The rate of reproduction of the prey (or other resource e.g. plant growth and reproduction) will also likely be affected by the same temperature rise, thus either decreasing or increasing impact. For example, if reproduction by the prey increases at higher temperatures (e.g. Sutcliffe and Carrick 1981), then impact will be reduced. Alternatively, a prey species already close to its thermal tolerance may be stressed by temperature rise and thus actually reduce its reproductive allocation (Dhillon and Sharma 2009), increasing impact. We thus propose a modifier to Eq. 8 that we call the “Resource Reproductive Qualifier” (RRQ), defined as the reciprocal of the fraction or proportion to which reproduction changes with temperature (or other variable: Eq. 9):

RRQ=1/ Reproductive output of prey at the higher temperature  Reproductive output of prey at the lower temperature  (9)

For example, if a prey species doubles its reproductive output at the higher temperature, then this will halve the RIP value as it is multiplied by ½; alternatively, a prey species that halves its reproductive output at a higher temperature will double the RIP value (i.e. multiply RIP by 1/0.5=2). Eq. 8 thus becomes:

RIPq=FR of invader at high temp FR of invader at low temp ×AB of invader at high temp AB of invader at low temp ×RRQ (10)

For example, South et al. (in prep) demonstrate that lionfish Pterois volitans exert higher predation upon shrimp Palaemonetes varians at 26 °C (max. feeding rate of 8.34 ± 0.65 SE) than at 22 °C (4.34 ± 0.55 SE) and that lionfish have greater abundances at the higher temperature (28.80 ± 1.75 SD ha-1: Kulbicki et al. 2012 vs 21.20 ± 5.1 SD ha-1: Whitfield et al. 2007), thus:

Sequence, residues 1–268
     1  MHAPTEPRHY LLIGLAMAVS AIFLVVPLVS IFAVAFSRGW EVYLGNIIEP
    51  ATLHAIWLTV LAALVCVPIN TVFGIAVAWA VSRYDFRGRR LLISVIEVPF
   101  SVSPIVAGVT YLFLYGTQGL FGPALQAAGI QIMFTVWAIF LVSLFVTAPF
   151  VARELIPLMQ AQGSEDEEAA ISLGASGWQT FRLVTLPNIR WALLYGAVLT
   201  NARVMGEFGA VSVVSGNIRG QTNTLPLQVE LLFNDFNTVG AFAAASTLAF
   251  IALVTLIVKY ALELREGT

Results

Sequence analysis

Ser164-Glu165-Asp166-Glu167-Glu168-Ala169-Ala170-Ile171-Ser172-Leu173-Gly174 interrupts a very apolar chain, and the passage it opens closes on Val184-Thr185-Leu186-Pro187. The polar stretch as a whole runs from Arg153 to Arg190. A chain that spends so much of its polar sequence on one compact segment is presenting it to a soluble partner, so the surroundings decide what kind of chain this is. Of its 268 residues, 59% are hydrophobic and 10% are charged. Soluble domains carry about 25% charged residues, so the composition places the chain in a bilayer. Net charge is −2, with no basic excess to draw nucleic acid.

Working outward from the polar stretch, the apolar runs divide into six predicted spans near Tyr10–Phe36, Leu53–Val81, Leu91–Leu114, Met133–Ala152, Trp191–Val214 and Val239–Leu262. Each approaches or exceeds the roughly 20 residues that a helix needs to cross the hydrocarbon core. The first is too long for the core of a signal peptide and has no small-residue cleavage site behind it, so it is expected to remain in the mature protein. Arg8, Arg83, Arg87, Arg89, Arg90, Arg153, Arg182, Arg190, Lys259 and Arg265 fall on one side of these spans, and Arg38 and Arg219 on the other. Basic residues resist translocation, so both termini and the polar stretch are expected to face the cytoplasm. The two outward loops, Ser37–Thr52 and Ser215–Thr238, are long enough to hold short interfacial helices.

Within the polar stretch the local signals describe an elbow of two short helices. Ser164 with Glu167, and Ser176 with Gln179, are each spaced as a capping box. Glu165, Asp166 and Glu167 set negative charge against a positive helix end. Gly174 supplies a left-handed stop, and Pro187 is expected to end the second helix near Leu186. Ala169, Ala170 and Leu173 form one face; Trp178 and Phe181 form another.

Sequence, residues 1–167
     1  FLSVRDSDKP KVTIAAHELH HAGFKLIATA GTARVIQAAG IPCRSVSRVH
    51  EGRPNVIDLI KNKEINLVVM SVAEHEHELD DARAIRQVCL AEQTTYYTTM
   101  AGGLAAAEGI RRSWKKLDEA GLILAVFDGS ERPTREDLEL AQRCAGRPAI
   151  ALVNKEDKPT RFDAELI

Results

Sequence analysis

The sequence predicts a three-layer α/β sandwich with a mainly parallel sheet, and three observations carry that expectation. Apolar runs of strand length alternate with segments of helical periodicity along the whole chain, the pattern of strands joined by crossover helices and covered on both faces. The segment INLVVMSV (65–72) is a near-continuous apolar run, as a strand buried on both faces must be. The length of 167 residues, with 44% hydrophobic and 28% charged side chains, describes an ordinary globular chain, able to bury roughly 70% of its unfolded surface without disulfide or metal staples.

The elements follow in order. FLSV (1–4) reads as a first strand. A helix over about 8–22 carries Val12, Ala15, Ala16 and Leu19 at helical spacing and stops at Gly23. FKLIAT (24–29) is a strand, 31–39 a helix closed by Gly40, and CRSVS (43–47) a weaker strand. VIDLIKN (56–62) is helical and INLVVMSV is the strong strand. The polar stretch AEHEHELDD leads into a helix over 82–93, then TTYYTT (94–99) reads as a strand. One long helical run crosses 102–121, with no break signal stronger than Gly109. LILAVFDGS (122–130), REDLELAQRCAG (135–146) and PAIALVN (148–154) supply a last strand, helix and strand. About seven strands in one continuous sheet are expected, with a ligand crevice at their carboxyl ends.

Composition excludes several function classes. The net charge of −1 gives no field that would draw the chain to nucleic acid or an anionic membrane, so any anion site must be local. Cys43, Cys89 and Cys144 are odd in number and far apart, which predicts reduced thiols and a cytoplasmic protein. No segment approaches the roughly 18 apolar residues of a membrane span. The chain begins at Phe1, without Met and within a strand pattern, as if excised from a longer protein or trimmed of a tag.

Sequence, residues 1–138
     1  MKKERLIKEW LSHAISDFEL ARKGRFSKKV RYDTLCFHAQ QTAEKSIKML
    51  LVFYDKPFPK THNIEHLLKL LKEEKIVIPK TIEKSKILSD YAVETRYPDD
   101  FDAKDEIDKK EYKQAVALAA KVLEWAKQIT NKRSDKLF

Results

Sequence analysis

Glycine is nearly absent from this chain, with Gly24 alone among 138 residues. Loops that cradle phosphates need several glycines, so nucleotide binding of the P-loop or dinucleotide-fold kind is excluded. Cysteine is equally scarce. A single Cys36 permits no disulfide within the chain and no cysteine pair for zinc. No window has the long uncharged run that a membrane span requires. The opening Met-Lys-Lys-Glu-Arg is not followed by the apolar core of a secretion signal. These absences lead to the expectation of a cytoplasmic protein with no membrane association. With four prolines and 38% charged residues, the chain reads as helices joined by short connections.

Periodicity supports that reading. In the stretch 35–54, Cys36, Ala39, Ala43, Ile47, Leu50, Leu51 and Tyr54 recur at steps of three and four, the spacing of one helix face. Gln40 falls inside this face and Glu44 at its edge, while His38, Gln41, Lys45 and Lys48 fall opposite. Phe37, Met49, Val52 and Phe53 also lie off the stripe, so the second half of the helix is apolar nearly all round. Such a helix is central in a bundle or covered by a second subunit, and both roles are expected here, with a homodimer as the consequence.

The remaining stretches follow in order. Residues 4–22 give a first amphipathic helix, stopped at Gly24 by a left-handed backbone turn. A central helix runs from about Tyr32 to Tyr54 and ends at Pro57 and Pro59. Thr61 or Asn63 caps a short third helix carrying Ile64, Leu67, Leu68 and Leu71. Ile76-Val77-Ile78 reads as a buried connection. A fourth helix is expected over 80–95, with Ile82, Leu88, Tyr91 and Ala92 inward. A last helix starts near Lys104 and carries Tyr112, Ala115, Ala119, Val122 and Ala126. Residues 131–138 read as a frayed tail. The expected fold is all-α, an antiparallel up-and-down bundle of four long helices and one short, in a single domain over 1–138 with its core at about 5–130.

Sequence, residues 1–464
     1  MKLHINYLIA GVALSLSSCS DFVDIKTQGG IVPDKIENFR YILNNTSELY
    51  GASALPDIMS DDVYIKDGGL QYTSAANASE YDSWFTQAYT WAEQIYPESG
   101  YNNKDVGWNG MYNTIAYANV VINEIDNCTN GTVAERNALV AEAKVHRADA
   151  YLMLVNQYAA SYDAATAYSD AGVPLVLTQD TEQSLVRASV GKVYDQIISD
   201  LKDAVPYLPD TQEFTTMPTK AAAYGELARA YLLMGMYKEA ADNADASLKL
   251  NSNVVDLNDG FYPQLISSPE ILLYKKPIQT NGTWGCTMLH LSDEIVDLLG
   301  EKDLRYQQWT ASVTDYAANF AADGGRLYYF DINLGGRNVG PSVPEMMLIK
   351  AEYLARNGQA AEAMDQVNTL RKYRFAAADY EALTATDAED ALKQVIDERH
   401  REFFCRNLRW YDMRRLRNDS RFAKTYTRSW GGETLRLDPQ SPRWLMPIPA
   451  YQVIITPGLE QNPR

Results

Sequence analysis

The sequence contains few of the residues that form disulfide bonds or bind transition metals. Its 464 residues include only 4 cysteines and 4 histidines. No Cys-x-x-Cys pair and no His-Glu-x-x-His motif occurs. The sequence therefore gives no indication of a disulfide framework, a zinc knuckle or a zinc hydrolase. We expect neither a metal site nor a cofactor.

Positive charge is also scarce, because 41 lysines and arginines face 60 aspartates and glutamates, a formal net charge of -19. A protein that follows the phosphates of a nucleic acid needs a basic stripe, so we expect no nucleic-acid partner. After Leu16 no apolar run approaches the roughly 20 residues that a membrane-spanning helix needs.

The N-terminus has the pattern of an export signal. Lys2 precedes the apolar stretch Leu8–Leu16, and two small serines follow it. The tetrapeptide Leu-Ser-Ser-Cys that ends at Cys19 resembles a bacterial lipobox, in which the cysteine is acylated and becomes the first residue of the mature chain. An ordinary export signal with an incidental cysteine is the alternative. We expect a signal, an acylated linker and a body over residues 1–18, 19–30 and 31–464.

However, their prey is likely to increase in abundance by 5% between the two temperatures, meaning RRQ is:


Since more prey means the impact exerted lessens, this leads to a reduced RIP of:


However, we can see that the increased prey abundance due to temperature increase does not offset the increased feeding rate and abundance of the predator, leading to maintenance of an RIP value > 1.

RIP can thus be adapted with RRQ to include context dependencies like temperature, but also associated climate change conditions such as ocean acidification (Uthicke et al. 2013) and freshening (Casties et al. 2015), providing new predictive metrics for the vast array of climate change consequences for invasive species impacts.

RIP as a measure of biotic resistance

Functional and numerical responses of resident species towards invasive species may provide biotic resistance (see also Twardochleb et al. 2012, Cuthbert et al. 2018c). For example, high functional responses of native and naturalised Gammarus species towards invasive prey Crangonyx pseudogracilis explain the field patterns of presence/absence of the invader (MacNeil et al. 2013, Cuthbert et al. 2018c). Using RIP, we propose here a powerful biotic resistance metric that can: (1) determine which native/naturalised species exhibit greater biotic resistance; and (2) predict the influence of abiotic factors on the strength of such biotic resistance (br). Thus, to assess which of two resident species better resists an invader: